Accordingly, we have created PyBispectra: an open-source Python-based toolbox providing the wider neuroscientific community with access to these advanced methods. PyBispectra includes tools for performing phase-amplitude coupling, time delay estimation, and waveform analysis – incorporating recent methodological improvements – as well as additional supporting tools based on recommendations from the literature for other cross-frequency coupling methods and spatio-spectral filtering. The toolbox is highly accessible with detailed API documentation and tutorials, and is written using object-oriented principles to support ease of understanding and adaptation of the source code. Finally, PyBispectra is a high-performance toolbox, incorporating parallel processing and low-level source code compilation to maximise compute speed. Altogether, bispectrum-based methods bring numerous advantages over traditional approaches, and PyBispectra offers neuroscience researchers access to these advanced signal processing methods in an open-source, easy-to-use toolbox.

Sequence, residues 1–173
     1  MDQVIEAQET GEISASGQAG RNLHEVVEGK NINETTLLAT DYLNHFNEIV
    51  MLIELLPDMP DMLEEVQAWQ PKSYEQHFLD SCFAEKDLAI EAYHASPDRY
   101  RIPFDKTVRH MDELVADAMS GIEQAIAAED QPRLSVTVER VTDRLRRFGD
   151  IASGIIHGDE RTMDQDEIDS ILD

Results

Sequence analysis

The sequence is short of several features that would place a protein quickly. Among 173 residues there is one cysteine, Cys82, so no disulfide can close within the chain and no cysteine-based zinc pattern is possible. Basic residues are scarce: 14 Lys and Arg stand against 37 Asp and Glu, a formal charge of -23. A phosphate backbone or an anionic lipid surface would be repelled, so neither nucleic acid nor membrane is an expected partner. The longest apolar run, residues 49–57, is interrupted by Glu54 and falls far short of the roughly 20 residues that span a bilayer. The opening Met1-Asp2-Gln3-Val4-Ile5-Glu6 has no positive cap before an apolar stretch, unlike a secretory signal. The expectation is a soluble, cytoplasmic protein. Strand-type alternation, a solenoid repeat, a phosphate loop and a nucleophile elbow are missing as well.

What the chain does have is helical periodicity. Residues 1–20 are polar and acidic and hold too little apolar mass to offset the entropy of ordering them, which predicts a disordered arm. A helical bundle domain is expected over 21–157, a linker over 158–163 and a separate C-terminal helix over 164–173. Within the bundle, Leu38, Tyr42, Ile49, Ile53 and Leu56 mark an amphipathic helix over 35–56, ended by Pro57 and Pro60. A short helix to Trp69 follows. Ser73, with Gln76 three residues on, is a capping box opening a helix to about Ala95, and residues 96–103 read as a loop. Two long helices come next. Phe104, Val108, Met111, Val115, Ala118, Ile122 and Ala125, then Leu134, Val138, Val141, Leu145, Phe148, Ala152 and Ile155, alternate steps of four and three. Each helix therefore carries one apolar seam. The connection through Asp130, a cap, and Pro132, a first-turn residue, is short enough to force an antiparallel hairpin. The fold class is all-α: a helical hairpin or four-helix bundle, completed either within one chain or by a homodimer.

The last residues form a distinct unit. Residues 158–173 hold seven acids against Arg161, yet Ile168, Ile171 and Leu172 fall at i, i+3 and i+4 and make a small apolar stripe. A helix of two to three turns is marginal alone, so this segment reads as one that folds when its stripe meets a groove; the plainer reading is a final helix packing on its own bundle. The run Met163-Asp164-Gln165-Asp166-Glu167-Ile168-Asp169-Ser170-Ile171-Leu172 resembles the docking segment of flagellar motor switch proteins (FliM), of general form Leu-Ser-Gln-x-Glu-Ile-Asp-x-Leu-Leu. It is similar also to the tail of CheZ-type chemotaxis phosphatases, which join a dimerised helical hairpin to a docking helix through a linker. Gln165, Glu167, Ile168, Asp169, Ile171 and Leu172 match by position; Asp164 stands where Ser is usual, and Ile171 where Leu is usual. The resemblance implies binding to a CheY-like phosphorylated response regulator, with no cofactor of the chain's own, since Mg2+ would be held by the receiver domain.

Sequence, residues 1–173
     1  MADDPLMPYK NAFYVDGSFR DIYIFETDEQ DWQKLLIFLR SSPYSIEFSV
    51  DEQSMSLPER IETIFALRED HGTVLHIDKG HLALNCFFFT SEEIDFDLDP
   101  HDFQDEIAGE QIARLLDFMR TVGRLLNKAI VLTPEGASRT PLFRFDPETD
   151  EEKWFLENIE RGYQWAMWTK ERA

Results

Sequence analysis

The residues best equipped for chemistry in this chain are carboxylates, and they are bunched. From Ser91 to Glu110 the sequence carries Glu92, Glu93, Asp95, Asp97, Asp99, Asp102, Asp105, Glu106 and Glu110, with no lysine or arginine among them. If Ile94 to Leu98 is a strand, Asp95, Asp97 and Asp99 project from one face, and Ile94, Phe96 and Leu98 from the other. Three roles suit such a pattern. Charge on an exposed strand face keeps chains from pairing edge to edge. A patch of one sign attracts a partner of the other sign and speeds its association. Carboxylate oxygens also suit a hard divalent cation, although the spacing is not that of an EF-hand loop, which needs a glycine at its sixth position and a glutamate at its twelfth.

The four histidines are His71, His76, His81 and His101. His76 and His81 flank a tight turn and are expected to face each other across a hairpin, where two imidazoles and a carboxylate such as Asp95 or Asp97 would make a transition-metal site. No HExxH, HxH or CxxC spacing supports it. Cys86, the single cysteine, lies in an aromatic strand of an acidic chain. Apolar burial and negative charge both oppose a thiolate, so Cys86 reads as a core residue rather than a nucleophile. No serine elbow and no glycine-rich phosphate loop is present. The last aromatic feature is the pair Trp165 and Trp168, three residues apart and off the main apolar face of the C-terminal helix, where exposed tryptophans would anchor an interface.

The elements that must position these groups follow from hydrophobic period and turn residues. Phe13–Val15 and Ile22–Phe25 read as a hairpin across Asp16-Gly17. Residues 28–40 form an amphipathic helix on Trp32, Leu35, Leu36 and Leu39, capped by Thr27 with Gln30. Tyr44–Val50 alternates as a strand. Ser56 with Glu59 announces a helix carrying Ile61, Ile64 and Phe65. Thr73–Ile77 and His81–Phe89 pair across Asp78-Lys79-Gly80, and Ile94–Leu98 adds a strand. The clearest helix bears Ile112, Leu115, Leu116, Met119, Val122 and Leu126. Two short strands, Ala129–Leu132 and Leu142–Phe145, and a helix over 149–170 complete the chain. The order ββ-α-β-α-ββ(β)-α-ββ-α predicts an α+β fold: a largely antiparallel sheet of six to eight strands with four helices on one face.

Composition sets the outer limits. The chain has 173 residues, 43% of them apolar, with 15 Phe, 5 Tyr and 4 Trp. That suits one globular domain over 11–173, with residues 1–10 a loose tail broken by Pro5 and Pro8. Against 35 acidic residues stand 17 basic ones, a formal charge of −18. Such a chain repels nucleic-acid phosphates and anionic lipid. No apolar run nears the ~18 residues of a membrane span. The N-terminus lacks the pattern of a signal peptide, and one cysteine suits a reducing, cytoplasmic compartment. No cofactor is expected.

Binns, T.S., Köhler, R.M., Vanhoecke, J., Chikermane, M., Merk, T., Pellegrini, F., Faust, K., Schneider, G.-H., Kühn, A.A., Haufe, S., Neumann, W.-J. (2023). Parkinson's disease: Invasive mapping of cortico-subthalamic communications in humans. International Basal Ganglia Society Conference XIV, Stockholm, Sweden.
Building on our earlier work in the Interventional and Cognitive Neuromodulation group of Wolf-Julian Neumann, this poster shows results of the first-ever examination of cortico-subthalamic interaction in Parkinson's disease in different dopaminergic medication and stimulation conditions using invasive recordings of subthalamic nucleus local field potentials and the cortex with electrocorticography. These results highlight pathological changes in cortico-subthalamic connectivity that are differentially altered by medication and stimulation.